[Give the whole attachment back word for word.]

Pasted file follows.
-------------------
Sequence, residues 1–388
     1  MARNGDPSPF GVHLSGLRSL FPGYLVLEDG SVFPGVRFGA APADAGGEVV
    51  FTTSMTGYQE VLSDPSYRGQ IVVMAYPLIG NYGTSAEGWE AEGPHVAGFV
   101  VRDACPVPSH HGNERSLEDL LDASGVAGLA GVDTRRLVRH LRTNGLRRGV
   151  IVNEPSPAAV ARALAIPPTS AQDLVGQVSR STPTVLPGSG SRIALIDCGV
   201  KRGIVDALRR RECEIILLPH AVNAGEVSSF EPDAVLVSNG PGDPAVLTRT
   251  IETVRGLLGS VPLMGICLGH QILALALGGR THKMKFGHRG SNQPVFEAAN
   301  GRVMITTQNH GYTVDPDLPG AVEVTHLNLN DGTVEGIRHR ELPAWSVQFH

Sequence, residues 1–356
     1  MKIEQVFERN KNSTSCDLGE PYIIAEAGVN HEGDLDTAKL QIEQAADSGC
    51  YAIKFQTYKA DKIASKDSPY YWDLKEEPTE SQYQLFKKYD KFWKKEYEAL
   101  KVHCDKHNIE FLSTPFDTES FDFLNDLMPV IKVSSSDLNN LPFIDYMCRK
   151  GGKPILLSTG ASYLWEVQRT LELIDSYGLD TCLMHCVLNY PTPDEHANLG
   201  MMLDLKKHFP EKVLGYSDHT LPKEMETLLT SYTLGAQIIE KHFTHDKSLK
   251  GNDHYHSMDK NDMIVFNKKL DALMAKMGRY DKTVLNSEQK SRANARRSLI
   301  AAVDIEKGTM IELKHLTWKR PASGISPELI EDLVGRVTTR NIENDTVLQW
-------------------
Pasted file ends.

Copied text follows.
Sequence, residues 1–388
     1  MARNGDPSPF GVHLSGLRSL FPGYLVLEDG SVFPGVRFGA APADAGGEVV
    51  FTTSMTGYQE VLSDPSYRGQ IVVMAYPLIG NYGTSAEGWE AEGPHVAGFV
   101  VRDACPVPSH HGNERSLEDL LDASGVAGLA GVDTRRLVRH LRTNGLRRGV
   151  IVNEPSPAAV ARALAIPPTS AQDLVGQVSR STPTVLPGSG SRIALIDCGV
   201  KRGIVDALRR RECEIILLPH AVNAGEVSSF EPDAVLVSNG PGDPAVLTRT
   251  IETVRGLLGS VPLMGICLGH QILALALGGR THKMKFGHRG SNQPVFEAAN
   301  GRVMITTQNH GYTVDPDLPG AVEVTHLNLN DGTVEGIRHR ELPAWSVQFH

Sequence, residues 1–356
     1  MKIEQVFERN KNSTSCDLGE PYIIAEAGVN HEGDLDTAKL QIEQAADSGC
    51  YAIKFQTYKA DKIASKDSPY YWDLKEEPTE SQYQLFKKYD KFWKKEYEAL
   101  KVHCDKHNIE FLSTPFDTES FDFLNDLMPV IKVSSSDLNN LPFIDYMCRK
   151  GGKPILLSTG ASYLWEVQRT LELIDSYGLD TCLMHCVLNY PTPDEHANLG
   201  MMLDLKKHFP EKVLGYSDHT LPKEMETLLT SYTLGAQIIE KHFTHDKSLK
   251  GNDHYHSMDK NDMIVFNKKL DALMAKMGRY DKTVLNSEQK SRANARRSLI
   301  AAVDIEKGTM IELKHLTWKR PASGISPELI EDLVGRVTTR NIENDTVLQW